This Graduate Student Handbook is meant to guide students through the PhD program in the Department of Religious Studies. While the following sections are organized by academic year and focus on the year-by-year activities of students and advisers in our program, this section will focus on the advising structures and resources available to students. It includes information about the advising relationships students will form at each stage of their time at Yale, the responsibilities of graduate students and their advisers, as well as the responsibilities of the ADGS, the DGS and the department at-large. This section should also answer questions about what to do when students have concerns either about academic or personal matters or about their advising relationships.
The Department of Religious Studies is committed to confronting and contesting racism, anti-Blackness, and the legacies of colonialism. Our goal is to interrogate how the study of religion, in its historical constitution and current practices, contributes to systems of inequity in structures of evaluation, curation of ideas, and mechanisms for the development of intellectual leaders. We strive to create a collaborative environment that supports and empowers all our members and that fosters debate on the ethical implications of intellectual engagement.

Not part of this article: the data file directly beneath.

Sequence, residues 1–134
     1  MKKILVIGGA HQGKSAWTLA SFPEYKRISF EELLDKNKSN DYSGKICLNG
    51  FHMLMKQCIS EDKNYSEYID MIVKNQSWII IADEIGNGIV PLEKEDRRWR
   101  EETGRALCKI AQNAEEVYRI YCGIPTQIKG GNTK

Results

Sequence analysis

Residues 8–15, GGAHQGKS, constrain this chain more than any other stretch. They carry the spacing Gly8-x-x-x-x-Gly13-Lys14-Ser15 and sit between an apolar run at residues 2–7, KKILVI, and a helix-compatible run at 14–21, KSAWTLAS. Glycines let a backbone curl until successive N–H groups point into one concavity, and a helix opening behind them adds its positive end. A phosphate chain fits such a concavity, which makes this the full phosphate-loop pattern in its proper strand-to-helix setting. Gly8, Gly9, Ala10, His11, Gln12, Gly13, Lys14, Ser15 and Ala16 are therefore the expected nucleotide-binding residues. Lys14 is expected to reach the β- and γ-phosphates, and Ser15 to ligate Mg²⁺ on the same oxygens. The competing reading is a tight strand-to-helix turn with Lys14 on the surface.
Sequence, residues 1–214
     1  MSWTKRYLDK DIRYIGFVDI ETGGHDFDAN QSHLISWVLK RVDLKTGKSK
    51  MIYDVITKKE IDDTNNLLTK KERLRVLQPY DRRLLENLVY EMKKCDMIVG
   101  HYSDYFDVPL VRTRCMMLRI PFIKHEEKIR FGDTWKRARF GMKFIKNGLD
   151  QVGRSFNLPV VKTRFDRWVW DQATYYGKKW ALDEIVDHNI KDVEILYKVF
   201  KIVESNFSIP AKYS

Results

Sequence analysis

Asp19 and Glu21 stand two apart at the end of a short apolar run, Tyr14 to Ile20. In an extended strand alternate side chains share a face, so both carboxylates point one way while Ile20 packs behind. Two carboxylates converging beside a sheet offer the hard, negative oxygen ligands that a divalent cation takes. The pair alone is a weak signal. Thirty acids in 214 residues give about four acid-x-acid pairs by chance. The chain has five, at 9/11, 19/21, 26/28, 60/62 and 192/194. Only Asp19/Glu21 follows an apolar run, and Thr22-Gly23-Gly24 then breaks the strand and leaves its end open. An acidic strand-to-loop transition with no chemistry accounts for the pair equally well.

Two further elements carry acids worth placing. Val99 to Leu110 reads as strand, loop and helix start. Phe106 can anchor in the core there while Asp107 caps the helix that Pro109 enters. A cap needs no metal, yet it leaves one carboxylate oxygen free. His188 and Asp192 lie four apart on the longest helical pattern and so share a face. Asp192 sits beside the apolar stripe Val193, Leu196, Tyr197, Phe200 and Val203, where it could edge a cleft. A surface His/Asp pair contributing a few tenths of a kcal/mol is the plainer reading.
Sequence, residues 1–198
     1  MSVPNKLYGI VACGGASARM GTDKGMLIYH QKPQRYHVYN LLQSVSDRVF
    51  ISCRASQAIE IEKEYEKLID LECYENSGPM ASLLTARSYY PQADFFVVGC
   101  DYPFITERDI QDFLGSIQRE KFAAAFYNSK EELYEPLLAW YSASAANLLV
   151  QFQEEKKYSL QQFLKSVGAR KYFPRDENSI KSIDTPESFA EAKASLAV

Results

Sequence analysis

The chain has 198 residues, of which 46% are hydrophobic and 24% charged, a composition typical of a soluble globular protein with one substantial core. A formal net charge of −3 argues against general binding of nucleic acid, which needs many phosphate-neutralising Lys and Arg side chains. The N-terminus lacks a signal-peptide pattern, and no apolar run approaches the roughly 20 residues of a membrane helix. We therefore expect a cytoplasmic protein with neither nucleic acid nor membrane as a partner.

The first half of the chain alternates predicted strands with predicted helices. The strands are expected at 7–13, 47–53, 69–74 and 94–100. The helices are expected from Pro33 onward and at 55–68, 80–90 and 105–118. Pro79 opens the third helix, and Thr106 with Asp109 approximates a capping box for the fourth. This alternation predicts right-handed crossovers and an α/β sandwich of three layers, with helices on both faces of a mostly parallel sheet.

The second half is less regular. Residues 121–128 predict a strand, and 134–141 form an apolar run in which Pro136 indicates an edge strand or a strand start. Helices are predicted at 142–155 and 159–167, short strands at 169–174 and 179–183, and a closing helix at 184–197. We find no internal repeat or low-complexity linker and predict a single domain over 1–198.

We encourage both students and faculty to recognize each other holistically, as people with non-academic responsibilities. We wish to create an inclusive teaching and studying environment and encourage students to speak out in case they encounter discrimination, have Title IX concerns, need accommodations due to disability, or otherwise wish to discuss a situation. Students and faculty should be aware of the Graduate School’s (GSAS) Guide to Advising Processes for Faculty and Students.